Healthy Products That Don't Break the Bank

To help you make smart choices without going broke, we identified common (and costly) products Americans buy to improve their well-being, and in many cases found that you can achieve the same benefits with the cheaper version. These shopping tips will help you lose weight, ease back pain, and more without spending a fortune -- plus, three products that are worth the splurge.

VIDEO: 5 Healthy Home Products for Less Play
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Lose Weight

FOR LESS THAN $20

BUY: Analog bathroom scale

INSTEAD OF: Body composition scale

Dieters who weigh themselves every day are better able to drop extra pounds -- and keep them off -- than those who don't, according to a study at the University of Minnesota, which tracked self-weighing practices of more than 3,000 adults for 2 years. Researchers hypothesize that for some people, daily weighing provides the immediate feedback and incentive to keep them on track. But experts agree that you don't need fancy scales that measure extras such as bone mass, body fat, or water weight and can cost more than $100. "A simple model with a rotating dial will do just fine, as long as you use the same scale every day," says Thomas Johnson, MD, an associate professor at Saint Louis University who specializes in weight control and obesity treatment. Find analog scales for $20 or less at stores like Target or Bed Bath and Beyond or online at amazon.com; one with a digital counter, if that's your preference, may cost a few dollars more.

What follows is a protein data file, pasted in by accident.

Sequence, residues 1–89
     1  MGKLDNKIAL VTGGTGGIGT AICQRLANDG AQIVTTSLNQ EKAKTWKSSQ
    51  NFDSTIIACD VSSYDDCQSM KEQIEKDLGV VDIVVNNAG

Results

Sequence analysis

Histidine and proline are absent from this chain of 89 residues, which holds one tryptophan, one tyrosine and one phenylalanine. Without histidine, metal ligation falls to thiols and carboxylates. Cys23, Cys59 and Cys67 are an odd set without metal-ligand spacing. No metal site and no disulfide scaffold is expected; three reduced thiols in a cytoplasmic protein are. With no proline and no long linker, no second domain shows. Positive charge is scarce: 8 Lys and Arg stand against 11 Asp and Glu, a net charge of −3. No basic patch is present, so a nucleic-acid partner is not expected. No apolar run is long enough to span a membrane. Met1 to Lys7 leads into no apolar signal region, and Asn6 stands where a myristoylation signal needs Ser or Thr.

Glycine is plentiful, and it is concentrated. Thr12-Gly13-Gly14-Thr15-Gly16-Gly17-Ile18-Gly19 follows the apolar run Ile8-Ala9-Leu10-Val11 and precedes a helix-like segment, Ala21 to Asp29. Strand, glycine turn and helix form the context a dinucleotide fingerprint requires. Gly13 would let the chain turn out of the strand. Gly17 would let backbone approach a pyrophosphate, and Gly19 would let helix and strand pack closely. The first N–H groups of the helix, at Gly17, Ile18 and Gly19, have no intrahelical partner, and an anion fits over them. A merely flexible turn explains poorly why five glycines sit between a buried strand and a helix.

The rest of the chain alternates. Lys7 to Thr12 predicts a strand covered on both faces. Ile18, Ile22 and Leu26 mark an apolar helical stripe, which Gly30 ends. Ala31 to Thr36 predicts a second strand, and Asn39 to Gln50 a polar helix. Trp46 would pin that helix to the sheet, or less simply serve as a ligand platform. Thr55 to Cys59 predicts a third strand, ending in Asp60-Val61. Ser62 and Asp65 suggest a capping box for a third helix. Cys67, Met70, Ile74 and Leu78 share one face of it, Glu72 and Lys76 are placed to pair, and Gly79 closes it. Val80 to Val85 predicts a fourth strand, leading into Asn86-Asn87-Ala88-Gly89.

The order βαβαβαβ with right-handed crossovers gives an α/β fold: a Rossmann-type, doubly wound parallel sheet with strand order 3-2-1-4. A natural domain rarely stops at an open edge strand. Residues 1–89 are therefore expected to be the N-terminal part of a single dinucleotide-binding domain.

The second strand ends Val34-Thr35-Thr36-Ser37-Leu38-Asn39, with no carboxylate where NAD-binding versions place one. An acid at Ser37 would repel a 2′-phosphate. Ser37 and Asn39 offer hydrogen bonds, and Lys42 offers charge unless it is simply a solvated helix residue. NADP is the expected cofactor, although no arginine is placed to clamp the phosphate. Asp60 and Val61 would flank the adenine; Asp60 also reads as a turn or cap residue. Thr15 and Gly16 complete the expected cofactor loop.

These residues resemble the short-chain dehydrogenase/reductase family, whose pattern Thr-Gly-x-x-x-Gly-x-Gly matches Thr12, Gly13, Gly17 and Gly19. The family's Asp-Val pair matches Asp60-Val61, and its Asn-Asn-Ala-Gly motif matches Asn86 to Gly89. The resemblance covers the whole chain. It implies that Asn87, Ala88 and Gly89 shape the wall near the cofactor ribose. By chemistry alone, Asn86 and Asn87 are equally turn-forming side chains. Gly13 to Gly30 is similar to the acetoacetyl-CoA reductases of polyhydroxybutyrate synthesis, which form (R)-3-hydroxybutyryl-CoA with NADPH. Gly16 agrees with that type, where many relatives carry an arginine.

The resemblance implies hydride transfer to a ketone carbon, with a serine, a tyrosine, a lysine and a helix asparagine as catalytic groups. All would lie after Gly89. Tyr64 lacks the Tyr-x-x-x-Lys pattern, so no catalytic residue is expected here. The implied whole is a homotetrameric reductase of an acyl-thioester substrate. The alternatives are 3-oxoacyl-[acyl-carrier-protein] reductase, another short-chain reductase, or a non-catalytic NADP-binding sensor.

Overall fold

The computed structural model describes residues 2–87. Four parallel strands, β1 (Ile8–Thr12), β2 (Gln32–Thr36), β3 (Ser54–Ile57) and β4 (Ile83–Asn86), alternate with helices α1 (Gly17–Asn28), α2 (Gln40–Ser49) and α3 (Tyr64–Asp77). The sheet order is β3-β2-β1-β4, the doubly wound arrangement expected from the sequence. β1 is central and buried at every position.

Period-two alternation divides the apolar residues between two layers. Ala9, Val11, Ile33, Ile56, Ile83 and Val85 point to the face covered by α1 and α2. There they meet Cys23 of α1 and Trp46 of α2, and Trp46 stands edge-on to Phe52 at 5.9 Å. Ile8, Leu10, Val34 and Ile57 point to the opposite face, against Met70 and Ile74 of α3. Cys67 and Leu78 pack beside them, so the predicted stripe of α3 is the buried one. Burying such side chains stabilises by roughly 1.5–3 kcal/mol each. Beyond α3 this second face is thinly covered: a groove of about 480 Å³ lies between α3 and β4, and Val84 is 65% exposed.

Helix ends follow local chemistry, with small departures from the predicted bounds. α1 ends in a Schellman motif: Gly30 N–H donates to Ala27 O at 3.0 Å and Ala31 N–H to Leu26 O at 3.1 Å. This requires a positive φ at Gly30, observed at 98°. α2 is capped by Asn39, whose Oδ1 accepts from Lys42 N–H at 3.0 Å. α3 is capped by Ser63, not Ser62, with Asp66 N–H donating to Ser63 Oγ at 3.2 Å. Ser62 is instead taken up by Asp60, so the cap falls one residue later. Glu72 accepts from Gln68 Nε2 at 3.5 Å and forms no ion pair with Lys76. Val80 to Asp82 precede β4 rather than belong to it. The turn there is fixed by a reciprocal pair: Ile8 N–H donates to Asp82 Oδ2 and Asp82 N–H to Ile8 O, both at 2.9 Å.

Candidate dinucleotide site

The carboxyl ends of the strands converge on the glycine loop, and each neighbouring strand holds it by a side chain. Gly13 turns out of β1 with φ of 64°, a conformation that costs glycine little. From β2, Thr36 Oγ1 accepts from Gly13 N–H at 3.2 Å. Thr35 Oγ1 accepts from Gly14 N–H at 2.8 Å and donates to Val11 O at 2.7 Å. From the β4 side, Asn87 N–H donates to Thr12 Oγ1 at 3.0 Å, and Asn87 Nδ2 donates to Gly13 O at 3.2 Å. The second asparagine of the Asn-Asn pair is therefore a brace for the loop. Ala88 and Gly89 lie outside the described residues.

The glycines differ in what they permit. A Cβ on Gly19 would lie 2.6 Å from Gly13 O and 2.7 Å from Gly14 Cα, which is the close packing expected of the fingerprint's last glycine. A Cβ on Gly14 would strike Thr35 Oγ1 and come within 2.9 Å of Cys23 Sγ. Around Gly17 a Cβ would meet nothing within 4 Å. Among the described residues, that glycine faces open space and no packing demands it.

For more health tips, check out the latest issue of Prevention, on shelves now!

Protect Your Heart Health

FOR 23 CENTS A DAY

BUY: Generic fish-oil supplements

INSTEAD OF: Brand-name versions

A survey from independent tester ConsumerLab.com showed that fish oil and fish-oil capsules are purchased second only to multivitamins among supplement users. Their rapid growth in popularity comes as no surprise, considering that the omega-3 fatty acids they contain have been shown to do everything from boosting mood to improving circulatory health and lowering unhealthy triglyceride levels. Quality capsules contain heavier doses of EPA and DHA, two fish-derived fatty acids that offer the big-time health benefits, rather than ALA, an omega-3 from plant sources that needs to be converted before the body can use it. Last summer, ConsumerLab analyzed 50 widely available omega-3 and fish oil supplements and found that all of them -- regardless of price -- were free of dangerous levels of mercury and PCBs (a concern with fish oil because these contaminants accumulate in fatty fish), and most contained optimal levels of EPA and DHA.